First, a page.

Pagers - Students are responsible to be reachable on-call. While pagers are not mandatory, we STRONGLY suggest each student have a pager during the clerkship.  Cell phones may work for home call, but are not allowed in the hospital. Therefore, students taking in-house call without a pager must remain at a single house phone throughout their downtimes during in-house call. The School of Medicine is now supposed to provide all 3rd and 4th year UNC Medical Students with a pager. If they haven’t issued you one, please let Stacey Owen know.

Call Rooms – The call rooms are located on the 3rd floor of the Patient Support Tower. To get to these rooms you should go to the OR elevators on the 2nd floor, take the elevator to the 3rd floor and look for the coke machine. The on-call rooms and student workroom/lounge are inside the door on the left side of the coke machine. Due to security reasons we can not leave the room combination in this web space.

Please write your name on the sign up on the list - we are tracking usage and need this information.

If you have any problems, please report them to Pattie Currie (962-6113), or email question@listserv.med.unc.edu.

Scrubs - May be obtained through the scrub machines located in the surgeons’ locker rooms on the 2nd floor. You access your scrubs using your School of Medicine issued photo ID badge. If you have difficulties accessing your account, please contact Stacey (6-4781) to have the issue corrected.

Dress Code - In clinic, department lectures and during morning rounds, professional dress is required. Scrubs can be worn on OR days, with a white coat when outside of the OR, and when the student is post-call.

POST CALL RESPONSIBILITIES

General Surgery consult call or other in-house call - The medical student should attend the morning lecture after in-house call, and participate in other educational activities such as OR, clinics, and tutor groups, but must leave by noon.

Home call – The medical student should attend lecture the morning after home call. If the student spent most or all of the night at the hospital, early dismissal may occur to maintain compliance with duty-hour restrictions. However, if the student was not called in or was only in-house for a few hours, then no post-call accommodations are necessary.

WEEKEND RESPONSIBILITIES

In general, each medical student will be expected to participate with weekend rounds and service one weekend day per week on average. However, all weekend responsibilities for medical students (other than call) are at the discretion of the chief resident on service, as long as students average one continuous 24-hour block completely off per week on service.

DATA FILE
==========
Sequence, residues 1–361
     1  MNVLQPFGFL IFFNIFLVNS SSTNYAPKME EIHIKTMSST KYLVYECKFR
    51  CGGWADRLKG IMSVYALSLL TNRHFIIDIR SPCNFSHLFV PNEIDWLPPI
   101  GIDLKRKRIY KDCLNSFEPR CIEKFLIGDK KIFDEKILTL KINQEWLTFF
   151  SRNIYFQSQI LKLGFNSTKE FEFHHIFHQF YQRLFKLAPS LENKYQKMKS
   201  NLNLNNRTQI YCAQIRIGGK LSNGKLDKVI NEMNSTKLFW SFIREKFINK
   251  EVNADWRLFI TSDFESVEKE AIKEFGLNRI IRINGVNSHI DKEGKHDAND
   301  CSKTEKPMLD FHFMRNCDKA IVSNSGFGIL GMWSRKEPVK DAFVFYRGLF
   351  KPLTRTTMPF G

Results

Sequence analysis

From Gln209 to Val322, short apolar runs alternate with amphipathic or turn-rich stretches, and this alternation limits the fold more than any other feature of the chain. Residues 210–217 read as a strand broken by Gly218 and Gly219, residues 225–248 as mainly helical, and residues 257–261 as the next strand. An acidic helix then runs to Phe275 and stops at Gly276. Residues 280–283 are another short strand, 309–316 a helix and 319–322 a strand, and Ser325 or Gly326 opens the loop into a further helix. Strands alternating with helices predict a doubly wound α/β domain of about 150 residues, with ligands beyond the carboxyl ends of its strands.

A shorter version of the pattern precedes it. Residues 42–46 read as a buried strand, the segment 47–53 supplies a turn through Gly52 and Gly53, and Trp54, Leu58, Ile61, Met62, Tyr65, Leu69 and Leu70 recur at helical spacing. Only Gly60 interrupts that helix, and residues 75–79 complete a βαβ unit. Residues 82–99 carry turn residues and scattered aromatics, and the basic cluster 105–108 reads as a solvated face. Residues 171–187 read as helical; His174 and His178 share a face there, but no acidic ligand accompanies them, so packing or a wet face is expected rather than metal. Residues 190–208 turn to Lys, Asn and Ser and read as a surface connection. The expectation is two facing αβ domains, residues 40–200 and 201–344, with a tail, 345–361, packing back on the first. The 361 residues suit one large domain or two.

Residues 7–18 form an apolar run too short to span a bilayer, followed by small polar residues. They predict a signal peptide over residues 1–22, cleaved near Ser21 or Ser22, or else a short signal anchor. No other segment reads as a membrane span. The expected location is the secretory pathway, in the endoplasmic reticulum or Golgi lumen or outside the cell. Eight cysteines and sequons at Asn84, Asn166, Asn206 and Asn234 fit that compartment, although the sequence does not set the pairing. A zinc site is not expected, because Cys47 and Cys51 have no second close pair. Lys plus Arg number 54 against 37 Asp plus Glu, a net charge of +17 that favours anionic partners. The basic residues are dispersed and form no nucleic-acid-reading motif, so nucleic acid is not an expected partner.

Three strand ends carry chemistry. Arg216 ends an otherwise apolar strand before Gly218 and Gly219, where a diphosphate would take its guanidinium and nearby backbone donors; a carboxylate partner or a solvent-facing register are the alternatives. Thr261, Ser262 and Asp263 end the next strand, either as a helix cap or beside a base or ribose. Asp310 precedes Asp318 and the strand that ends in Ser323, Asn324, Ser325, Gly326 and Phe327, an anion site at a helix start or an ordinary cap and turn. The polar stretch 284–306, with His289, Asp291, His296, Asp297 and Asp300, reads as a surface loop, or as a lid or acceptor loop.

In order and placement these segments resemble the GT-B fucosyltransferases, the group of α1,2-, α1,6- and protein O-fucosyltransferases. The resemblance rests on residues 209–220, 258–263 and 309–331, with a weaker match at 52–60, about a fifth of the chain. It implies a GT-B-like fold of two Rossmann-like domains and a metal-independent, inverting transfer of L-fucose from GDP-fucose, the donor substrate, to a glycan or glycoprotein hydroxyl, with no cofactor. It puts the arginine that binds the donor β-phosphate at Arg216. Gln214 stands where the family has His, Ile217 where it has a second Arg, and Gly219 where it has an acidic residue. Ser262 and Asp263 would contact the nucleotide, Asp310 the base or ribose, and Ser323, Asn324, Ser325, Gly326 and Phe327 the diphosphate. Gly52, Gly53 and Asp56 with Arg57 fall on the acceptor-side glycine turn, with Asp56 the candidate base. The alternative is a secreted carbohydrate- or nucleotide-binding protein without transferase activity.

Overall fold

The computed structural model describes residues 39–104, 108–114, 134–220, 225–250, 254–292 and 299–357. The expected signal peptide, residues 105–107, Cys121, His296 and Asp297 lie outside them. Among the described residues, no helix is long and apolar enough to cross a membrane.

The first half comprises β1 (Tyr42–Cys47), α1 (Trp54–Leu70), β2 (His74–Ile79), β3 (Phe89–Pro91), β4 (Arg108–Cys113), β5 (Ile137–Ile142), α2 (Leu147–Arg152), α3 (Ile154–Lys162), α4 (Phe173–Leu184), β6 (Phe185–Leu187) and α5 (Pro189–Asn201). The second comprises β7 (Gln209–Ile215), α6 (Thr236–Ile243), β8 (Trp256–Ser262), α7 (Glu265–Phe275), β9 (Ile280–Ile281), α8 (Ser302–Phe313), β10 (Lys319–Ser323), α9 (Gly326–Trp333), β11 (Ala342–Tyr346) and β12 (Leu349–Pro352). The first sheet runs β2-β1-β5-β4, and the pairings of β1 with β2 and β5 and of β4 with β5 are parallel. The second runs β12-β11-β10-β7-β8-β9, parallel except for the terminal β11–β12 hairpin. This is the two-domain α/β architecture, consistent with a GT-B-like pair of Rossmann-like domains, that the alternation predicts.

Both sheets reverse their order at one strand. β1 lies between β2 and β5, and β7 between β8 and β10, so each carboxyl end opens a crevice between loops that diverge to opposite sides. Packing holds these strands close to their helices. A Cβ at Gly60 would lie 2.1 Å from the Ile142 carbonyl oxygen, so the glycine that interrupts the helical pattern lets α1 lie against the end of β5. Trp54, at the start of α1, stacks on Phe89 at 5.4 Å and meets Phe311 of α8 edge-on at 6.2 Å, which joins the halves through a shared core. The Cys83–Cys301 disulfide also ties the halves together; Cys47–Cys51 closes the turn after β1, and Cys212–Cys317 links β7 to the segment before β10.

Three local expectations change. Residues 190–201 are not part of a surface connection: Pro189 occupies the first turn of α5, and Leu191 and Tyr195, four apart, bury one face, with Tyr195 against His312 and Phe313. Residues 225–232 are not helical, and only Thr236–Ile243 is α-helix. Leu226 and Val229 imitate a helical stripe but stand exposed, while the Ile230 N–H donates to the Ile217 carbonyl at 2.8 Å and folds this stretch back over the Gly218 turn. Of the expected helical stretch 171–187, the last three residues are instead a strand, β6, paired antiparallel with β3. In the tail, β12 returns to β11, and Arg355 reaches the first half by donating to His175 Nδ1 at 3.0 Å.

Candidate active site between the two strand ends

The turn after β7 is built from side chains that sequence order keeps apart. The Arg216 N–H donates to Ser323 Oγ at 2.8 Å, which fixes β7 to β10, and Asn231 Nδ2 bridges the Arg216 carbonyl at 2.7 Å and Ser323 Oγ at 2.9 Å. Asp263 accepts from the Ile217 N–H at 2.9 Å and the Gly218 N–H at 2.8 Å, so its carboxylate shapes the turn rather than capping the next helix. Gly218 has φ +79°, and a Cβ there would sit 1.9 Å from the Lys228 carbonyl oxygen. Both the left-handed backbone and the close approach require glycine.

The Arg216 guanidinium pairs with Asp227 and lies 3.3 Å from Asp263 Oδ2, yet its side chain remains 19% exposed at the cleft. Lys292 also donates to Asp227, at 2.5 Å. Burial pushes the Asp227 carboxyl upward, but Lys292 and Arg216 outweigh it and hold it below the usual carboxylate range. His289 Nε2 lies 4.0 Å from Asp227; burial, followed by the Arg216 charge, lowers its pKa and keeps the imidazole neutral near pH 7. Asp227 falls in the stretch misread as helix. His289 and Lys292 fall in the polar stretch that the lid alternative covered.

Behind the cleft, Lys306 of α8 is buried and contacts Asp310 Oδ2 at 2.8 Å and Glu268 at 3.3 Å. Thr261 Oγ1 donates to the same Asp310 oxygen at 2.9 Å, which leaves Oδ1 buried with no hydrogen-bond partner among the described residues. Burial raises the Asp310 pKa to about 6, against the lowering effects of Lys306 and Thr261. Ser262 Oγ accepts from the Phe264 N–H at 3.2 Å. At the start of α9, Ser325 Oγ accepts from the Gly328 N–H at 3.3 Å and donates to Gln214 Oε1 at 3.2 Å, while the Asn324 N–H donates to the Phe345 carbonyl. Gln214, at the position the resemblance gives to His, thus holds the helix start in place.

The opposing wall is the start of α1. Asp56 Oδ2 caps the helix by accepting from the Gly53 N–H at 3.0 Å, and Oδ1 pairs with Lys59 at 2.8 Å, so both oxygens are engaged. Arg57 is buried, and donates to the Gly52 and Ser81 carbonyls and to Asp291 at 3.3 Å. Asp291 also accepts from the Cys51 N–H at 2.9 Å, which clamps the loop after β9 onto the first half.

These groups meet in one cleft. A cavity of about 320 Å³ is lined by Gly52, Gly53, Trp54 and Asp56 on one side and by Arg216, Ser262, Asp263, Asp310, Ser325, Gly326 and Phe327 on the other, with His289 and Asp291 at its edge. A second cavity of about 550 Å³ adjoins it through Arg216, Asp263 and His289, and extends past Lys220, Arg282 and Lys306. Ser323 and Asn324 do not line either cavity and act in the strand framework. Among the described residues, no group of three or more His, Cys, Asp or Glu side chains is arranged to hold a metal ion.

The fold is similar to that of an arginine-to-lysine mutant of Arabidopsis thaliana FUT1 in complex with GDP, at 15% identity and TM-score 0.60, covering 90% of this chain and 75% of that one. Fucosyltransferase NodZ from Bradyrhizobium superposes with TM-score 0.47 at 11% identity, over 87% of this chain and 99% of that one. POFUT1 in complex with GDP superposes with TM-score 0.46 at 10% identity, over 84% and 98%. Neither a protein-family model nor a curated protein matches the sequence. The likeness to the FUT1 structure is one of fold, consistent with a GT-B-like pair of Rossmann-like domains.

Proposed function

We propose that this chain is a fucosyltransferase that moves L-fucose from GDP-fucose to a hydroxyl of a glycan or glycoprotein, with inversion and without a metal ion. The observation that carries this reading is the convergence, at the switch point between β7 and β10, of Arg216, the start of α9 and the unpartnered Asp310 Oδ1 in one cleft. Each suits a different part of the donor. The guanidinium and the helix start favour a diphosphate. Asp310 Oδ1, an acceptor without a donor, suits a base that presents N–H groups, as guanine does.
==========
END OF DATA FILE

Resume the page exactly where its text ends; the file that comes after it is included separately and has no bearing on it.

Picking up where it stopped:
WRITE-UPS and PRESENTATIONS

Written H&Ps and/or oral presentations may be required on some services. The student should ask for specific service requirements the first day on service.

FOURTH YEAR STUDENTS and ACTING INTERNS

Call schedules for fourth-year students and acting interns are at the discretion of the chief resident/fellow on service. For subspecialty services, the fourth year may rotate into the call schedule with the third years or double-up with the third years. For general surgery services, the fourth year student will have to double up with the third years and/or take call on the days that do not have a third year on consult call. One solution to doubling-up may be for one student to shadow the Junior In-house and one student to shadow the Senior In-house. The frequency of third year call on Surgery A, G, H, and Peds should not be altered to accommodate fourth year students.

PROBLEMS

If you have problems regarding on-call issues, please speak with your team. Otherwise, Stacey Owen, Clerkship Coordinator, will be glad to help have your concerns or questions addressed. Problems we would like to hear about include…

  • My resident/fellow is not calling me in for consults/cases when I am on home call.
  • My resident/fellow is not involving me in the activities of call when I am in-house on-call.
  • My resident/fellow is demanding I take more call than what is laid out in the guidelines.
  • Although I am following the call guidelines, I am still in violation of the 80-hour work week restrictions that were handed to me on my first day of the clerkship.
  • My resident/fellow is not allowing me to leave at 6:00 PM, the designated end of workday established by the clerkship director.
  • My resident/fellow is not permitting me to attend mandatory clerkship lectures.
  • My resident/fellow made me give up my call/consult experience, in order to accommodate the fourth year student(s).
  • My resident/fellow told me to ignore the call schedule/guidelines handed to me on the first day of the rotation.